Stress concentration has negligible effect on the ductile materials subjected to static loads. Under the static load, when the stress near the discontinuity reaches the yield point, local plastic deformation takes place and the stresses get redistributed, relieving the stress concentration. Therefore, ductile materials, subjected to static loads, are not affected by stress concentration and there is no need to apply stress concentration factor to statically loaded ductile materials.

But for the ductile materials, subjected to dynamic load, stress at the discontinuity may reach its endurance limit leading to fatigue failure. Therefore, stress concentration reduces the endurance limit of ductile materials and stress concentration factor must be used for dynamically loaded ductile materials. This aspect will be discussed in the next lesson.

Stress concentration has more severe effect on the brittle materials due to their inability to plastically deform. As there is no local yielding, stresses don’t get redistributed and local stress due to discontinuity increases highly. Therefore, stress concentration factor must be used for components made of brittle materials subjected to static or dynamic loads.

5.4 Creep

When components are subjected to constant loads continuously for a longer period, they may undergo progressive elastic deformation over time. This time-dependent strain is called creep. Creep can be defined as slow and progressive deformation of material with time under constant stress. Creep deformation is a function of stress and temperature. It generally occurs at absolute temperatures above half the melting point of the material and is even present at room temperature for materials like aluminium, copper and some plastics. Creep increases with the increase in temperature, and therefore becomes very important for components operating at higher temperatures like those of furnaces, steam & gas turbines, internal combustion engines, nuclear reactors, rocket engines etc. The stress can be tensile, compressive, bending or shear.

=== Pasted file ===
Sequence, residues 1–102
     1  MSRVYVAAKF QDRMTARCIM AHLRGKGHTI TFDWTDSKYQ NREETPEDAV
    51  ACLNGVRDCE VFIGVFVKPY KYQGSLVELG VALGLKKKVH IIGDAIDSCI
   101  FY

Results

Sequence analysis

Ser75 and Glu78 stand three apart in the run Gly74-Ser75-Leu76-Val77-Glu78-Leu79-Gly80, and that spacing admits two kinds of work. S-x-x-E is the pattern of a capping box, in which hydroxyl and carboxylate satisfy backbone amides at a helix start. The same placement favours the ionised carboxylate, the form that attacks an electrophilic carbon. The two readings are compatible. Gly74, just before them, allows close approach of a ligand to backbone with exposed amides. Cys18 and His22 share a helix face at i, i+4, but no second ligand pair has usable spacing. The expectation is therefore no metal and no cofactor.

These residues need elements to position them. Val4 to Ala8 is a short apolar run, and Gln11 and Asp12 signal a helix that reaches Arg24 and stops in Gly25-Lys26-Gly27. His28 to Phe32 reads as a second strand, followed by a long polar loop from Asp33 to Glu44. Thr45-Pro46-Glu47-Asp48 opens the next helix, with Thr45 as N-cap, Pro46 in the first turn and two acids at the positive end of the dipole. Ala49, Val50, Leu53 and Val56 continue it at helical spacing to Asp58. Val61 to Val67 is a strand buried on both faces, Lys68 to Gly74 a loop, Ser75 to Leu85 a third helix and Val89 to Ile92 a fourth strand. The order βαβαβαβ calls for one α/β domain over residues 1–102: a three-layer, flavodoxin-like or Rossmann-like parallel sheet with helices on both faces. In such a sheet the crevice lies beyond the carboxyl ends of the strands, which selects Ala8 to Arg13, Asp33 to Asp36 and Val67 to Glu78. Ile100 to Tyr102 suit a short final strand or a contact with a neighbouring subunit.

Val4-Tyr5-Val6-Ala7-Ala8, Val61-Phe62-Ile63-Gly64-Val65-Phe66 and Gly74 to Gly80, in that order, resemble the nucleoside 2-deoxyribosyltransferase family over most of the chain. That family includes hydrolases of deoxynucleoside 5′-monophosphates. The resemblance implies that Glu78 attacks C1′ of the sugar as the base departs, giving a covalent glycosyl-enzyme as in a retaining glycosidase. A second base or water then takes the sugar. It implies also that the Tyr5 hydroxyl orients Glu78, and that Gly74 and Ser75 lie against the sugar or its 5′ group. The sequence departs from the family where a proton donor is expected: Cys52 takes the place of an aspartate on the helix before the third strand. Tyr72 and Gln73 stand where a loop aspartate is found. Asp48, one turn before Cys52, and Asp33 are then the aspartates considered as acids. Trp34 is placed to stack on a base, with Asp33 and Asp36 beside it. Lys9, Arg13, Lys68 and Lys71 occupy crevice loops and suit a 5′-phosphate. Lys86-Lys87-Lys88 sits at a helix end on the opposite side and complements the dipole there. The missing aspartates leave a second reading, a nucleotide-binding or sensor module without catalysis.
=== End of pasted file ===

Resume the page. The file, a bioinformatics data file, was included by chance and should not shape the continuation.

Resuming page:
Components operating at higher temperatures must be designed in such a way that deformation due to creep remains within the allowable limit and also creep deformation doesn’t lead to rupture so that the product performs satisfactorily over time. Creep strength and creep rupture strength are the two important properties of the material related to creep design.

Creep Strength is the maximum stress that the material can withstand for a specified length of time without excessive deformation. Creep Rupture Strength is the maximum stress that the material can withstand for a specified length of time without rupture.

Figure 5.4 shows a typical strain vs time plot known as creep curve. To obtain creep curve, specimen is loaded with a constant force and variation of its length is observed at a constant elevated temperature. Units of strain are mm/mm and time is measured in hours. When the load is applied in the beginning of the test, some instantaneous elastic deformation or initial strain occurs. Then with the passage of time, creep strain occurs. Creep curve is divided into three stages, primary, secondary and tertiary creep, after which the rupture takes place. In the start, strain increases rapidly, known as primary. In the secondary creep, strain increases slowly at a constant rate.  Again during the tertiary stage, strain rate increases and necking of the specimen takes place followed by rupture. The creep test is repeated over a range of temperatures to obtain a number of creep curves that are useful for design.


 Figure 5.4 Creep Curve


  1. Design of Machine Elements by VB Bhandari

  2. Mechanical Engineering Design by J.E. Shigley

  3. Analysis and Design of Machine Elements by V.K. Jadon

  4. Machine Elements in Mechanical Design by Robert L. Mott

Last modified: Wednesday, 19 March 2014, 6:33 AM